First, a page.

Contributor D, I'm not clear on what your design is supposed to convey... Is it to hide the rabbet on the top and make it look like a butt joint? Other than that, I don't see the reason (time-wise or structural) to take the time to do it. Certainly not something the customer who is dealing with that level of drawer is even going to give a second thought to. Am I missing something?

From contributor M:
I suspect from the drawing that it allows the drawer parts to be cut nested and edgebanded after. If you're not using a CNC, that type of joint wouldn't be practical.

From contributor C:
Contributor G, how are you drilling for dowels? What equipment are you using? What size dowels and what spacing?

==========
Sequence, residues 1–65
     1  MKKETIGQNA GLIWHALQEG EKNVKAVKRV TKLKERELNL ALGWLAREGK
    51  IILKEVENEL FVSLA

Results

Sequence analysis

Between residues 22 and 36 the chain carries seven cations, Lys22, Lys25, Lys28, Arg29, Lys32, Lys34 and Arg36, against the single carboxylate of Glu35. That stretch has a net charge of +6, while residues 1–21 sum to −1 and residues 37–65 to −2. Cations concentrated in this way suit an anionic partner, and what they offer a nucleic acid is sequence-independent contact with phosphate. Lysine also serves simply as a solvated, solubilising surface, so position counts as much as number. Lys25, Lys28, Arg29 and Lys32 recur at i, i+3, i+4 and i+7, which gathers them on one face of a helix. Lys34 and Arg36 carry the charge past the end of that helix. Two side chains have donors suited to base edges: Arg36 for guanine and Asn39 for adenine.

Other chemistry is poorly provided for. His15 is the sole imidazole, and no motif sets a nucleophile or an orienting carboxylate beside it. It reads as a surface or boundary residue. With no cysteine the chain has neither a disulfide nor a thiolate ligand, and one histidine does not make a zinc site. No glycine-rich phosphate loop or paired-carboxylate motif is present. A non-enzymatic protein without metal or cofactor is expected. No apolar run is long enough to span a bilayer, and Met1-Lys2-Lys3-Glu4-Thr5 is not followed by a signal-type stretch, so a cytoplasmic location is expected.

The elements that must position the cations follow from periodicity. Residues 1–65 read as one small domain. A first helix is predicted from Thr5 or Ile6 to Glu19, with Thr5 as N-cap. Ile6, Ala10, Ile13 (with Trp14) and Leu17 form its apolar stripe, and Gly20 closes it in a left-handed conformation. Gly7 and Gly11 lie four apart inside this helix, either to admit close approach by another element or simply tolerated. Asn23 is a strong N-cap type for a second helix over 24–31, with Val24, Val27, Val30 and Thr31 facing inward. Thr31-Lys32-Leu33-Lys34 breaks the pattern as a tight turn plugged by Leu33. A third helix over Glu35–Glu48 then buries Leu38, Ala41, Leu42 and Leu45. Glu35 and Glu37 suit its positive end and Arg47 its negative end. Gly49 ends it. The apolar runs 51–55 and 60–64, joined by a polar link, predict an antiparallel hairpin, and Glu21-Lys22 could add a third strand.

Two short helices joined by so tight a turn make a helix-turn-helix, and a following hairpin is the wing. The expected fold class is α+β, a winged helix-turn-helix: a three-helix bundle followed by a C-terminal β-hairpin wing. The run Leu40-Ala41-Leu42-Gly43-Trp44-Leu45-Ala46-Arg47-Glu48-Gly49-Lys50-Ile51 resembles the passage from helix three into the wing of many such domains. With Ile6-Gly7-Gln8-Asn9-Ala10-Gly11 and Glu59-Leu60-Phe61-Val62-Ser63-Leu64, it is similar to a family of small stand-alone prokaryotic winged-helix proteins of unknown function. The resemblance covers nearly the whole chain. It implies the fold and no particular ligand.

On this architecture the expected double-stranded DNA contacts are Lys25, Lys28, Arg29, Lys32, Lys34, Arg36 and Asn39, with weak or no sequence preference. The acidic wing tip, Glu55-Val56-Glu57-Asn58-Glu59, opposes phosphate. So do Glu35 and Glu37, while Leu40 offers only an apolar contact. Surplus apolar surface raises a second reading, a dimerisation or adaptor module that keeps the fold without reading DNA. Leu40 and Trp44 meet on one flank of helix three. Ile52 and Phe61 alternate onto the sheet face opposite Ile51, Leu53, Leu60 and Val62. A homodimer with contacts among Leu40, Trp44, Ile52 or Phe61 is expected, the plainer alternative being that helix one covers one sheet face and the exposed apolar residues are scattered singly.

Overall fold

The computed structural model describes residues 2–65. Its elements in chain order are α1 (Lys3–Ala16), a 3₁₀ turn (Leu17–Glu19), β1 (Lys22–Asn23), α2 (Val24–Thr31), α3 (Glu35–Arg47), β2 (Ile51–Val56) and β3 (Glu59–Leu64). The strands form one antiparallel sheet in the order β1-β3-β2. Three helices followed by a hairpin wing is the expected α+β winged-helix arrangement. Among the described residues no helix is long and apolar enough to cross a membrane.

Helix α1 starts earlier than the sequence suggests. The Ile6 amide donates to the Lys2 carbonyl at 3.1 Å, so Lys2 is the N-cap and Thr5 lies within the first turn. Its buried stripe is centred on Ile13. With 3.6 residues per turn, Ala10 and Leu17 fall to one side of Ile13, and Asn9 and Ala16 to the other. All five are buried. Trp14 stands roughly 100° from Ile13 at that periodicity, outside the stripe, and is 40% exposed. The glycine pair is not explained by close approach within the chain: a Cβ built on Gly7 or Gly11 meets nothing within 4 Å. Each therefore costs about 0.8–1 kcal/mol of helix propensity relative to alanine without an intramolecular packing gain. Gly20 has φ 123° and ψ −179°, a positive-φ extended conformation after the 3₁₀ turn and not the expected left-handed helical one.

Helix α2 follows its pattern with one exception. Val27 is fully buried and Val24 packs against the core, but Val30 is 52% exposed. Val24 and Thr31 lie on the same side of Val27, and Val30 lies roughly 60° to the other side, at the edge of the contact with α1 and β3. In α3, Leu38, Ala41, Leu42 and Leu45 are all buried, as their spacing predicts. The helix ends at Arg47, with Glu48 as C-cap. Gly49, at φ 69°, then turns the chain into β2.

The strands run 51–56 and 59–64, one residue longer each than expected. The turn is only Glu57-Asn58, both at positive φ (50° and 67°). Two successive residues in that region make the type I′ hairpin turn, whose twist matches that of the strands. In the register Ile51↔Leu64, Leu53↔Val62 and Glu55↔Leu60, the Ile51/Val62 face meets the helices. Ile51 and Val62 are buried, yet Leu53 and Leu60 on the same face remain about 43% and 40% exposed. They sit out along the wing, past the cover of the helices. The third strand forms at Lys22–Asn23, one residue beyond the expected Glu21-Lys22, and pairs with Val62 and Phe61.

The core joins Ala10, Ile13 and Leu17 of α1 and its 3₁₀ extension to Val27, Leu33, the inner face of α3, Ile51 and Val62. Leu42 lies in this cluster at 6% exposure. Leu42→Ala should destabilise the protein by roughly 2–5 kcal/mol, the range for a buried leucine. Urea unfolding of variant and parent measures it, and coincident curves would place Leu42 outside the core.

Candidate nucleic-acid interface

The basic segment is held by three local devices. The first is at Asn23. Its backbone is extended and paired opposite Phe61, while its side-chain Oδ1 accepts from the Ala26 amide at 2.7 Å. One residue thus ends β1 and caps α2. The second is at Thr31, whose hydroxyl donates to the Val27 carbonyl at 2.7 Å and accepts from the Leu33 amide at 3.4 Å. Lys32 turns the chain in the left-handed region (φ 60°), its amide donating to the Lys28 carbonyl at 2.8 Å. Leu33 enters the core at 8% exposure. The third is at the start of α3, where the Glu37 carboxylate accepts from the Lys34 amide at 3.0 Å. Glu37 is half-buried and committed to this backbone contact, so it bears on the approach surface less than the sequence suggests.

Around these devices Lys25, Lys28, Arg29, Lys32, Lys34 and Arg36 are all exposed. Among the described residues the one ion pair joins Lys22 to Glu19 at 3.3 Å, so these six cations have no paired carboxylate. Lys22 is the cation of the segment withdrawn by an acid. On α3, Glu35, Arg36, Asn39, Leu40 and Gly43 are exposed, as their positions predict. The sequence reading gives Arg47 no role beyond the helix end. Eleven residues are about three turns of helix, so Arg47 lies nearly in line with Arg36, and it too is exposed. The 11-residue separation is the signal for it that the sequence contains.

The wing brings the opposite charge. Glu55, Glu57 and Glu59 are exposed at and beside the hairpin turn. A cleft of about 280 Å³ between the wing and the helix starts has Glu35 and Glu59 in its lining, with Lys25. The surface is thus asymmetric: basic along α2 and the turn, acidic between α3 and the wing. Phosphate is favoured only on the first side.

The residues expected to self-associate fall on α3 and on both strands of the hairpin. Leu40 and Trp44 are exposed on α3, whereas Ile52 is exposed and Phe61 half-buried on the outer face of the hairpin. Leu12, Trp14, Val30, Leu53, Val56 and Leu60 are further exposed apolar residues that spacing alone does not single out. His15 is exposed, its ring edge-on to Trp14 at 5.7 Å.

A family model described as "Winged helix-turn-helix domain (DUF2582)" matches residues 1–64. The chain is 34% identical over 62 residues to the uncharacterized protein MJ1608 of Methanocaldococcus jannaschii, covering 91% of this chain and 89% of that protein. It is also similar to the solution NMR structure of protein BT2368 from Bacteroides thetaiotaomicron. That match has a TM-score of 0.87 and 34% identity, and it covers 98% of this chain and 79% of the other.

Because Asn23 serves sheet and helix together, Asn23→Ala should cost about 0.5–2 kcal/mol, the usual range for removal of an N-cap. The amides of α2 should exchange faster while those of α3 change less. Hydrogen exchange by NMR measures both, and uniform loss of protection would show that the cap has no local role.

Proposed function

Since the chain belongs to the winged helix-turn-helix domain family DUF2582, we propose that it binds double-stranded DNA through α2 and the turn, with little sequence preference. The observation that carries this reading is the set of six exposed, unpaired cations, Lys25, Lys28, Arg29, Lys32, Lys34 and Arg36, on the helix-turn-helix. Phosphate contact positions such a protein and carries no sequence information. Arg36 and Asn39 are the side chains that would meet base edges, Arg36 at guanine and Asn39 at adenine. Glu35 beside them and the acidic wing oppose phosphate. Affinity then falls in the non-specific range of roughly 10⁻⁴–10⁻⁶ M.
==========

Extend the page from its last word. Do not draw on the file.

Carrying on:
From contributor G:
I am using a Maggi 2332 to bore for 8X30 dowels. The spacing is usually 25mm from top edge, with two dowels for 4" drawers, and 4 dowels for 8" drawers. I use mostly Tandem slides, so the back is 13mm shorter and I don't have to notch them. One step saved. I use a 12mm ply bottom rabbeted down to a 6mm tongue that fits a groove in the box. This prevents loose fitting bottoms with 1/4" ply, and gives something for the Tandem mounting clips to screw into. If you wanted to use a 1/4" bottom, just hold the back up 19mm, slide the bottom in after assembling the box, and staple or screw at the back.

From contributor V:
Ritter makes a dedicated drawer doweling machine that looks real nice. I looked into it a few years ago and I though the machine was awesome. The price, however, was quite a bit higher than I was comfortable with and very few show up on the secondhand market.

From the original questioner:
Thanks for all the input! It looks like the dowel method would be really nice. I actually am quite happy with our method, but was looking into the options. There is a lot of knowledge on this site!